- Often the attributes that we claim separate humans from machines, such as societal understanding and emotion, are very subjective, random, and different between individuals. Moreover, our understanding of them is limited at best. Are there any attributes that could really be considered a unique and necessary input of the human mind?
With digital progress rising exponentially, rather than at a constant speed, the theoretical debate on AI’s implementation into the world of design must begin now. And a great place to begin was with practice professionals such as Mr. Mallat.
With over 2 hours of coffee table discussions, there was a general resignation to the inevitability of it. “Whether it should or shouldn’t, it’s going to happen,” says Mr. Mallat. “There’s no use of speculating if it should – it will. To what degree, however? I don’t know, could be a variation of what you described.” The gist here was that we’ve seen this process happen in transitions from hand drawings to CAD modeling, to BIM, and now to scripts and algorithmically generated designs. It’ll take over just as every other technological advancement in the field of design has.
Scripting is widely used now in an environmental, structural, or physical context, with designers focusing on social aspects themselves. It is in technology’s ability to truly grasp the essence of these social dynamics that the debate lies – currently, it is difficult for a computer to implement the cultural feats we experience as humans into a project. Mr. Mallat references a project of his(currently under construction), which utilizes the long-hauled Lebanese vernacular tradition of tying ropes to baskets and using them for vertical transportation, as an idea for an interactive façade that provides residents with that function.
“In our typical social behavior, we have the basket to buy groceries. Electricity cuts off and you put a rope with a basket to move goods. This is an implementation and understanding of a simple [yet relatively complex] social aspect. This is very difficult for a computer today to do on its own. This is why practices that currently rely purely on scripting are limited to environmental or structural aspects.”
There is a general agreement that what currently holds our practice together is the lack of true generative social awareness by algorithms, yet seeing as research indicates this social awareness could one day become inherent to artificially-intelligent programs, clear-cut answers and the confidence in our position, vaguer.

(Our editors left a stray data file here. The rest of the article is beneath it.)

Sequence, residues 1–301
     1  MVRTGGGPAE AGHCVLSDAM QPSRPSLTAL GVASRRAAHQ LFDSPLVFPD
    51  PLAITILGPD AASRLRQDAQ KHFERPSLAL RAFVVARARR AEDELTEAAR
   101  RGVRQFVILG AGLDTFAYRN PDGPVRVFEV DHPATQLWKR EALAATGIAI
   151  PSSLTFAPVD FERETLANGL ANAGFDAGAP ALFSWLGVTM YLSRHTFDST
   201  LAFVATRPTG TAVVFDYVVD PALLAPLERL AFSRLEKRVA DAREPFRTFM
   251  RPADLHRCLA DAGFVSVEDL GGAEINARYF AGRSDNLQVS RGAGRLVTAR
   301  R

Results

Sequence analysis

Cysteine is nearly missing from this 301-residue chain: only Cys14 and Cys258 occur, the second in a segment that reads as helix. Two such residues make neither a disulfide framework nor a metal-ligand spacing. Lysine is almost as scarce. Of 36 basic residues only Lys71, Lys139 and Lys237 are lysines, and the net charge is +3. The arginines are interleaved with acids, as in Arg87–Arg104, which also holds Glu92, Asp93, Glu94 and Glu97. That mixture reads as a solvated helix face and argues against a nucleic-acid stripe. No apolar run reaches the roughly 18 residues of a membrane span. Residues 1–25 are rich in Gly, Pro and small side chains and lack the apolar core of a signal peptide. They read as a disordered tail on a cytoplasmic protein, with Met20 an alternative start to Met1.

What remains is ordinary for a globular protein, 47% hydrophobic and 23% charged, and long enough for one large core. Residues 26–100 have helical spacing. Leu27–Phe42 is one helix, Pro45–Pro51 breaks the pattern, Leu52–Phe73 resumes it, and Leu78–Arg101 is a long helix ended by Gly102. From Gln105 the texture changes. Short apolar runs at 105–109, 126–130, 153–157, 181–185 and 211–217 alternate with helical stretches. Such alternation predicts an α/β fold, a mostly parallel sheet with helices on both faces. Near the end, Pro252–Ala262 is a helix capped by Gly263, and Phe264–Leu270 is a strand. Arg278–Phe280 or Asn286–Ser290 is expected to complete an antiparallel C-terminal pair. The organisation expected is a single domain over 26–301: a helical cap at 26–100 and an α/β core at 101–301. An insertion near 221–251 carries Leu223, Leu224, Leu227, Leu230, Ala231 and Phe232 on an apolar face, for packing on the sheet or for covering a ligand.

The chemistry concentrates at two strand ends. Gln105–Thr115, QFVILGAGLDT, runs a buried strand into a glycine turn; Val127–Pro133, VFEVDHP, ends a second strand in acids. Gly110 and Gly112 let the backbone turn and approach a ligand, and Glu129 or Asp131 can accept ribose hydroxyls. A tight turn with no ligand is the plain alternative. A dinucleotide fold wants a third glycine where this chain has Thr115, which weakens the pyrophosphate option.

“I’d like to think as an architect I would not become obsolete,” says Mr. Mallat. “But if I do become obsolete then that’s what happens.” This game of catching-up becomes a waiting game, and if one-day designing becomes an algorithm’s job, then there’s only one practice left for architects – theorizing.
However, as computation has already taken over many mathematical – or to better put it, objective – fields much more rapidly, such as banking and accounting, it is seen that it’s more difficult with subjective domains like architecture and urban planning. “Those jobs would disappear long before ours does because ours involves the human factor.” However, with computers promising a future where they assimilate our subjectivity, we may become obsolete.
“I would say humans would become somewhat of a judge.” Through these projected programs’ abilities to utilize generative design to generate thousands, and even millions of unique design solutions, architects specifically and people generally could be assigned the job of judging, rather than leaving that to the software itself. It’s a democracy of potential solutions. “In the end, they’re gonna live in it. Not the computer,” says Mr. Mallat.
However, perhaps the democracy of choice could be limiting us from achieving the ultimate urban potential. Yet in theory, algorithms cannot be purely objective. As Mr. Mallat puts it, “[Algorithms] are based on humans and there are biases built into the systems – the technology you’re proposing will be studying us, and will have decisions that involve our own biases.” If the algorithm’s reference would be our own generated sums of big data, then perhaps in the process of gaining cultural sentience, artificial intelligence could build human-like biases, too.
As for the question of aesthetic and visual expressions, it becomes a field of interest in our urban cityscapes’ relation to nature. Architecture as seen today still imposes itself on nature, yet much of it attempts to blend and integrate with it. “Personally, I don’t like the works of Greg Lynn, it looks very organic, like plants almost,” says Mr. Mallat.